In the United States, it is important to be on time, or punctual, for an appointment, a class, a meeting, etc. However, this may not be true in all countries. An American professor discovered this difference while teaching a class in a Brazilian university. The two-hour class was scheduled to begin at 10 a.m. and end at 12 p.m. On the first day, when the professor arrived on time, no one was in the classroom.
Many students came after 10 a.m. Several arrived after 10:30 a.m. Two students came after 11 a.m. Although all the students greeted the professor as they arrived, few apologized for their lateness. Were these students being rude? He decided to study the students’ behavior.
The professor talked to American and Brazilian students about lateness in both an informal and a formal situation: lunch with a friend and in a university class, respectively. He gave them an example and asked them how they would react. If they had a lunch appointment with a friend, the average American student defined lateness as 19 minutes after the agreed time. On the other hand, the average Brazilian student felt the friend was late after 33 minutes.
In an American university, students are expected to arrive at the appointed hour. In contrast, in Brazil, neither the teacher nor the students always arrive at the appointed hour. Classes not only begin at the scheduled time in the United States, but they also end at the scheduled time. In the Brazilian class, only a few students left the class at noon; many remained past 12:30 p.m. to discuss the class and ask more questions. While arriving late may not be very important in Brazil, neither is staying late.
The explanation for these differences is complicated. People from Brazilian and North American cultures have different feelings about lateness. In Brazil, the students believe that a person who usually arrives late is probably more successful than a person who is always on time.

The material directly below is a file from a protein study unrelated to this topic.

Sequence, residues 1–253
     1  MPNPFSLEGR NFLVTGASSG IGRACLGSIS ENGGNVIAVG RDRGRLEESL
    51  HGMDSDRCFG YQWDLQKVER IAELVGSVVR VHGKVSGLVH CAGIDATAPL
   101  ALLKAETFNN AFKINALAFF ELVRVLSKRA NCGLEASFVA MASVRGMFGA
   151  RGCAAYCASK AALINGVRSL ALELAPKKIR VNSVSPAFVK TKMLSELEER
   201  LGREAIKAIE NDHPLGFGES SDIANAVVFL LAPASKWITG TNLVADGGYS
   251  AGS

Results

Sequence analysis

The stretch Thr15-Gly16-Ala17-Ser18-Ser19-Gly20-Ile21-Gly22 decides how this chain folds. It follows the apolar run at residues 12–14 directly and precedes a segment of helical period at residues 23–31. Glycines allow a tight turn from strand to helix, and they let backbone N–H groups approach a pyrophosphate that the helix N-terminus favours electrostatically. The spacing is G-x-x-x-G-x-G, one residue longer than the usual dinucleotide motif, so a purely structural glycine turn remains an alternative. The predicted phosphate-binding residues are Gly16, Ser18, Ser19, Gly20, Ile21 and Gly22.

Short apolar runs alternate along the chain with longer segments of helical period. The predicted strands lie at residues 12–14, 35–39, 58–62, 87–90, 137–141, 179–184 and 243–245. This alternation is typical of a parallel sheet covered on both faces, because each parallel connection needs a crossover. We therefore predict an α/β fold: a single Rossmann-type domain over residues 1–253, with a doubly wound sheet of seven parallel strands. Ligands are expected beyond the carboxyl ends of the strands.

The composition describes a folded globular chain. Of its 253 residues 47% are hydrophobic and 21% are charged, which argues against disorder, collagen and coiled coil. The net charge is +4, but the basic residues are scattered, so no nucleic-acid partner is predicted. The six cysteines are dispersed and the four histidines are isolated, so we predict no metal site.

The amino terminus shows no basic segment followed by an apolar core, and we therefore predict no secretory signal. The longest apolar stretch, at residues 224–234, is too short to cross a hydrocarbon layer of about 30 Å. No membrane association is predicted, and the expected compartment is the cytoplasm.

In fact, Brazilians expect a person with status or prestige to arrive late, while in the United States lateness is usually considered to be disrespectful and unacceptable. Consequently, if a Brazilian is late for an appointment with a North American, the American may misinterpret the reason for the lateness and become angry.
As a result of his study, the professor learned that the Brazilian students were not being disrespectful to him. Instead, they were simply behaving in the appropriate way for a Brazilian student in Brazil. Eventually, the professor was able to adapt his own behavior so that he could feel comfortable in the new culture.
Professor decides to study students’ behavior. lunch with a friend a university class
33 minutes. 19 minutesAfter scheduled time Lunch with a friendA university class lateness is disrespectful lateness means a person is important.
The American professor was able to adapt his own behavior.
He decided to study the Brazilian students’ behavior concerning time and lateness. The professor gave American and Brazilian students examples of an informal situation—lunch with a friend, and a formal situation—a university class. The American and Brazilian students then defined lateness in both situations.
No, they didn’t. In American culture, students or professors are late for class if they arrive any time after class is scheduled to begin, while in Brazilian culture, lateness is up to one hour after class is scheduled to begin. Also, in American culture, students are expected to leave promptly after the class has ended, while in Brazilian culture, students will stay after class for as much as 30 minutes.
The Brazilians felt that lateness began after 33 minutes; the Americans felt that lateness began after 19 minutes.
The Brazilian students thought that people who are late are important. The American students thought that people who are late are disrespectful. The professor learned to adapt his own behavior to fit the customs of his Brazilian students.
An American professor in Brazil studied the idea of lateness for both Brazilian and American students. His study enabled him to adapt his own behavior while living in Brazil.
adapt (v.) to change to function in a new way, to adjust The children are finding it hard to adapt to the new school. Courses can be adapted to suit the needs of the individual. Back to Text
although (conj) even though Although in poor health, she continued to carry out her duties. Although he’s got a good job now, he still complains. Back to Text
apologize (v.) express regret for doing something wrong, usually to ask for forgiveness I'm so sorry, I do apologize. There’s no need to apologize. Back to Text
appropriate (adj.) correct, suitable It would not be appropriate for me to discuss that now. The manager should take appropriate action if safety standards are not being met. Back to Text
as a result (ph.) consequently As a result of the pilots' strike, all flights have had to be cancelled. Colby died as the result of a heart attack. Back to Text